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Reducing the Risks of Conception: Getting Pregnant When One or Both Partners Is HIV+

By Rebecca Denison

August 20, 2004

If you have decided to have a child, there are strategies for getting pregnant that reduce the risks to the mother, the father and the baby.

The chances of getting pregnant will go up and the risk of an uninfected partner getting HIV will go down if you only attempt to conceive when you are fertile. You can tell when a woman is fertile if:

Another way for a woman to tell when she's fertile is by tracking her temperature on a chart. Here's how:

A man can improve his fertility by not soaking in a hot bath or a hot tub; not using alcohol, marijuana and other drugs; not wearing tight pants.

You can lower the risk of transmitting HIV to the baby or an uninfected partner by reducing your viral load (or your partner's), before trying to get pregnant. Having an undetectable viral load does not eliminate the risk, but it does reduce it.

Once viral load is undetectable and the woman is in a fertile period of her cycle, there are a number of ways to try to get pregnant:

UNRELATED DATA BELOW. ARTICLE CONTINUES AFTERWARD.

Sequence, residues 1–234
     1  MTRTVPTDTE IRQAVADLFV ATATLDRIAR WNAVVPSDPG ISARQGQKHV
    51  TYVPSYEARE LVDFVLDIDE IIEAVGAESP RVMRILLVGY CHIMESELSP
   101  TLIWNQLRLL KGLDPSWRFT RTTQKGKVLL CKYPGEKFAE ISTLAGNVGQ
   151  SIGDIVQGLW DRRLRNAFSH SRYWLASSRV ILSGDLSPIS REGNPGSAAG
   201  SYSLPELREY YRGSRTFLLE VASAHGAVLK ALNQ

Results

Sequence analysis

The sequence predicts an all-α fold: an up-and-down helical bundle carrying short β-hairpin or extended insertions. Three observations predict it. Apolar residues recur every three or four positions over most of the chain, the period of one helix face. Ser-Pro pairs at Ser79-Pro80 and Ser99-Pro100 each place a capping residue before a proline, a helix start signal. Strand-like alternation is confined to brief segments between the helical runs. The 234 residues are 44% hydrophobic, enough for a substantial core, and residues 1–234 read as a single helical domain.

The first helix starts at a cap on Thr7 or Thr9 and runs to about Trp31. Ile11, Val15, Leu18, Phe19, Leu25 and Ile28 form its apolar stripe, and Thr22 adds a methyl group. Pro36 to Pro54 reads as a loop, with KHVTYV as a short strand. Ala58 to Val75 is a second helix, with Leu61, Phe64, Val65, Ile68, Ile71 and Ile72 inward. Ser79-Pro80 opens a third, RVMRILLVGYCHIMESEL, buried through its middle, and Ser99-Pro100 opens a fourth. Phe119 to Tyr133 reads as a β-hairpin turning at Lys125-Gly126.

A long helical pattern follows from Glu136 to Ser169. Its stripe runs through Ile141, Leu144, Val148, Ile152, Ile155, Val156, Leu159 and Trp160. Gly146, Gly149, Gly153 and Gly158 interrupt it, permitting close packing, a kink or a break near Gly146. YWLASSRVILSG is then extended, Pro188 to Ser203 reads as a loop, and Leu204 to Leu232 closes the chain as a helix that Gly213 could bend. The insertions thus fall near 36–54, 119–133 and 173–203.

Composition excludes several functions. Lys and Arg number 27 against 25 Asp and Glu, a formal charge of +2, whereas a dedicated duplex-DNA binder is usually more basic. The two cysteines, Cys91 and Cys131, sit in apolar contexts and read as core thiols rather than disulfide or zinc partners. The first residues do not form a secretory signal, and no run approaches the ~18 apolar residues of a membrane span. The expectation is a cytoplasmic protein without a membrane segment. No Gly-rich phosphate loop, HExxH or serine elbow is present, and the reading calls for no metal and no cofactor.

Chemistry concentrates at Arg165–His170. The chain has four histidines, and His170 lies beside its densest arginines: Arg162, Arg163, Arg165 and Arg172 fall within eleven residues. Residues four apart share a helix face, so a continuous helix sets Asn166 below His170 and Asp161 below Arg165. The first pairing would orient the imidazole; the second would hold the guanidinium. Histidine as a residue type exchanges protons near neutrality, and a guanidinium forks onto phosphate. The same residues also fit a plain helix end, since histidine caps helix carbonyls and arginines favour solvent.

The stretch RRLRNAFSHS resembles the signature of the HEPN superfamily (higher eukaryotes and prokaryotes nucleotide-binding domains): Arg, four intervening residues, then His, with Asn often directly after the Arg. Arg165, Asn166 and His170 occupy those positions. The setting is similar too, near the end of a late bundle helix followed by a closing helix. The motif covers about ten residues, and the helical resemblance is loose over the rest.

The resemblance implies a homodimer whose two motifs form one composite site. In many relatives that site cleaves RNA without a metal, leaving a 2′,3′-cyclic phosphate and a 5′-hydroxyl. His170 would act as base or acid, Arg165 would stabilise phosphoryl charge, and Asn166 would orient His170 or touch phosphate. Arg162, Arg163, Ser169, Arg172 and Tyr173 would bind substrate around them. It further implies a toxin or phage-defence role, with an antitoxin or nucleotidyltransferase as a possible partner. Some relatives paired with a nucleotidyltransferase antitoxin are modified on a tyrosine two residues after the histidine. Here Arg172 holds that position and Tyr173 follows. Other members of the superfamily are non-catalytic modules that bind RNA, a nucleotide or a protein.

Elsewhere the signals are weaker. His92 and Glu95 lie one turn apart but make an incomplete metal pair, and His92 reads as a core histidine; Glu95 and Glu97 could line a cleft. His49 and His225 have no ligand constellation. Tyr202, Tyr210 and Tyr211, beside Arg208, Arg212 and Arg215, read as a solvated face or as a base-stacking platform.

If the woman is HIV+, but the man is not:

Zero risk

Very low risk

Medium risk

Most risk

If the man is HIV+ but the woman is not:

There is currently no "zero risk" method for a couple in this situation to conceive. Such couples are often encouraged to look into adoption, foster parenting or using artificial insemination with semen from an uninfected (tested) donor.

To reduce, but not eliminate, the risk of a man infecting a woman during conception:

A process called sperm washing can also reduce the risk, as can having sperm evaluated for evidence of virus. Unfortunately, there are very few places in the U.S. that do this. Two resources are:

If both partners are HIV+:

If you are both HIV+ and have unprotected sex, there is a possibility that one of you may pass on a worse or drug-resistant strain of HIV to the other. This is called "reinfection." To reduce this theoretical risk:

Go to your doctor for "preconception" health care and counseling before you start trying to have a baby. Your doctor can make referrals to specialists and advise you on medical conditions or other issues that may affect your pregnancy.

A more detailed version of this article appears in the March 2002 issue of WORLD (Women Organized to Respond to Life-Threatening Diseases) magazine. Visit WORLD's website at:

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